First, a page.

Primary non-Hodgkin lymphoma of the ureter
Article first published online: 28 JUN 2008
Volume 83, Issue 1, pages 148–149, January 1999
How to Cite
Hashimoto, H., Tsugawa, M., Nasu, Y., Tsushima, T. and Kumon, H. (1999), Primary non-Hodgkin lymphoma of the ureter. BJU International, 83: 148–149. doi: 10.1046/j.1464-410x.1999.00856.x
- Issue published online: 28 JUN 2008
- Article first published online: 28 JUN 2008
A 41-year-old woman presented with right flank pain. Excretory urography showed moderate hydronephrosis; retrograde pyelography and CT detected narrowing of the proximal third of the right ureter, caused by a soft-tissue mass of the ureteric wall with a maximum diameter of 2.5 cm and ≈6 cm long (Fig. 1). No other abnormality was found; most notably, there was no adenopathy. Right ureteroscopy revealed partial obstruction encircled by bulging lesions with a slightly uneven surface but intact mucosa. A ureteroscopic biopsy was taken with 5 F cup forceps; the histological examination showed non-Hodgkin lymphoma of the diffuse large B-cell type (Fig. 2). A bone marrow specimen was normal, establishing stage 1E of the Ann Arbor classification. The entire soft-tissue mass surrounding the ureter, detected by CT, completely disappeared after four courses of systemic chemotherapy followed by radiotherapy. A subsequent ureteroscopy and biopsy yielded no positive findings.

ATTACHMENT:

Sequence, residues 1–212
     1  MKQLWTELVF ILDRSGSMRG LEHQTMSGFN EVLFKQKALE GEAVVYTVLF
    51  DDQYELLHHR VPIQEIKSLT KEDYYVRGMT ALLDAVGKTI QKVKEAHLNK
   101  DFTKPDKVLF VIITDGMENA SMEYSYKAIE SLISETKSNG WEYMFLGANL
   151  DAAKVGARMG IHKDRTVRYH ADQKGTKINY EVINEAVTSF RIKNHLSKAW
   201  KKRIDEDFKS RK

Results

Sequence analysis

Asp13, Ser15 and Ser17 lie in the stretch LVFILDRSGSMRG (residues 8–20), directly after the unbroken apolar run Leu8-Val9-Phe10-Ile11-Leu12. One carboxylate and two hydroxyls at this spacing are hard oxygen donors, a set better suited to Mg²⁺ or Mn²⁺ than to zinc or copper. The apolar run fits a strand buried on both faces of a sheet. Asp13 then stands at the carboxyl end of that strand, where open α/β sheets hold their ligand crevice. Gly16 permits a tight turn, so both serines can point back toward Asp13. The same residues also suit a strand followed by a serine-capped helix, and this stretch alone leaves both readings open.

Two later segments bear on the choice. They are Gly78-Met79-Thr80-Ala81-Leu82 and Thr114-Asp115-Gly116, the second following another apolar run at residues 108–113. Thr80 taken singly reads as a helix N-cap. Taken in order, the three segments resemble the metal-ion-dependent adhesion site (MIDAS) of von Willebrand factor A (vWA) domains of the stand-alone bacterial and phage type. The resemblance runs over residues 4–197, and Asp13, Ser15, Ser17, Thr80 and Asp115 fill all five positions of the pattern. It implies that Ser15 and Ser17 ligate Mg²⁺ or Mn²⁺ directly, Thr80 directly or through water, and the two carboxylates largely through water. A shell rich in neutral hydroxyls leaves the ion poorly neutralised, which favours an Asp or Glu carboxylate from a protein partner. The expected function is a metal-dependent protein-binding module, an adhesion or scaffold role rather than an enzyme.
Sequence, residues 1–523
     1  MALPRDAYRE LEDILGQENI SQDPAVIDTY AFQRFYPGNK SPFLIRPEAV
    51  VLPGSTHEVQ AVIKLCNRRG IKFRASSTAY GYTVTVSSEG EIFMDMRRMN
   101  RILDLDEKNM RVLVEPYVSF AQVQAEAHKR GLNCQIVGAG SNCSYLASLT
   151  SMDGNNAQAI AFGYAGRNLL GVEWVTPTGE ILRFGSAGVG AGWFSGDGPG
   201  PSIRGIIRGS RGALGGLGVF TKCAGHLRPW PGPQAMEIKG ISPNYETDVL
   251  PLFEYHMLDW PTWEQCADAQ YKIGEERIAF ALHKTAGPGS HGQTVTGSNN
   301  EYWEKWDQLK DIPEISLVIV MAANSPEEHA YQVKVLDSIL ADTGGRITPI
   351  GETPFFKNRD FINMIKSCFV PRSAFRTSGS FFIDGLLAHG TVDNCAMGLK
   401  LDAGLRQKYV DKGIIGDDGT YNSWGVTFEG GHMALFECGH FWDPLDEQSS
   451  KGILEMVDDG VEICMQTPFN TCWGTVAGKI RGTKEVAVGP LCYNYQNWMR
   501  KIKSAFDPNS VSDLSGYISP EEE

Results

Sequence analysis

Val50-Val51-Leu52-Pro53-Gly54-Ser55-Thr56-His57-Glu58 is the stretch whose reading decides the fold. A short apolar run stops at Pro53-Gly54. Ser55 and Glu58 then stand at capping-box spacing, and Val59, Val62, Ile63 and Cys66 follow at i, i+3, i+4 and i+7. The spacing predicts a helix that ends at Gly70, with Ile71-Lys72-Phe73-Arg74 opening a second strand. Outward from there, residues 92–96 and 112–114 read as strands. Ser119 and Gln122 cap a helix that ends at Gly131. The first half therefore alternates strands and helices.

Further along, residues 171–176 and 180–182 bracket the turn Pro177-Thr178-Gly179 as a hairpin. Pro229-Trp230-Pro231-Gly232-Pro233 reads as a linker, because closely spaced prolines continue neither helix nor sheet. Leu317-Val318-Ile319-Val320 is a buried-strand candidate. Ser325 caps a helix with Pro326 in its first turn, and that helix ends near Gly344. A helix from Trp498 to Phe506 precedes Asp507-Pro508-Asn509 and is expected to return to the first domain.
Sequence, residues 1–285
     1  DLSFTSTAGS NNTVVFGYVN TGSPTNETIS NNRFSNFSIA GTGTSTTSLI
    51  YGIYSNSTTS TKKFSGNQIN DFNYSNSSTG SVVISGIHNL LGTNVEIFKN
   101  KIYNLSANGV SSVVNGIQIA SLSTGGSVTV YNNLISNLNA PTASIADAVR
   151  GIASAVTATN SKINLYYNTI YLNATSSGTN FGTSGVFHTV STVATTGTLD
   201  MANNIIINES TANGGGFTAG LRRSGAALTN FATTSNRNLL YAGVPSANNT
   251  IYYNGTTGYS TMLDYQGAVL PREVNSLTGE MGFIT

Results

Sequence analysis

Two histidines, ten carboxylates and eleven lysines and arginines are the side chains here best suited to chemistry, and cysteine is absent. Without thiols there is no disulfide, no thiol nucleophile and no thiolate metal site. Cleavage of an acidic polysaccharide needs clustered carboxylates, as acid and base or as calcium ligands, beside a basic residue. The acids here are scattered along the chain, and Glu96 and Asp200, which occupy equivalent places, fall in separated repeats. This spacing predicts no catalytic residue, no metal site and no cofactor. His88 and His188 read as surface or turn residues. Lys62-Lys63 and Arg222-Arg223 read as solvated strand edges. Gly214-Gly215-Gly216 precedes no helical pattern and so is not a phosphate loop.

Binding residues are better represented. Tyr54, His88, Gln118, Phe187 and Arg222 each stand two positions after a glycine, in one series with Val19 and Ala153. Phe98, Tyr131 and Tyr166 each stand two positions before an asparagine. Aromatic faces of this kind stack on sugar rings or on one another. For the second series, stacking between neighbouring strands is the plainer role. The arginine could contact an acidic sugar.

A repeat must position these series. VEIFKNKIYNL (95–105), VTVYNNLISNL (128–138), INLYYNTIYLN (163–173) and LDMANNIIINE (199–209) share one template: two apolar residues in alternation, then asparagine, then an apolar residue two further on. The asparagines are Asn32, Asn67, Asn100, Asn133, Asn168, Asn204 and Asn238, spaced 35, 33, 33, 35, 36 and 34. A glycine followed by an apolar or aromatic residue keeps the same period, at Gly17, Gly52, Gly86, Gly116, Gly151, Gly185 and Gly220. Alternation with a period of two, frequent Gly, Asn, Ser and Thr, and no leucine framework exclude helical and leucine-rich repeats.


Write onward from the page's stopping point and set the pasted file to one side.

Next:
Although detection of extranodal non-Hodgkin lymphoma has been improved with the use of CT, primary lymphoma involving the ureteric wall without contiguous lymphadenopathy is an unusual occurrence. Only four other such cases have been reported [1–4]. Soft-tissue masses of the ureteric wall commonly represent primary neoplasms of the ureter or metastases to the ureter. In differentiating such lesions ureteroscopy provides more definitive findings than radiography. To our knowledge, this is the first case in which malignant lymphoma was diagnosed by ureteroscopic biopsy and the kidney was preserved successfully by chemotherapy combined with radiotherapy.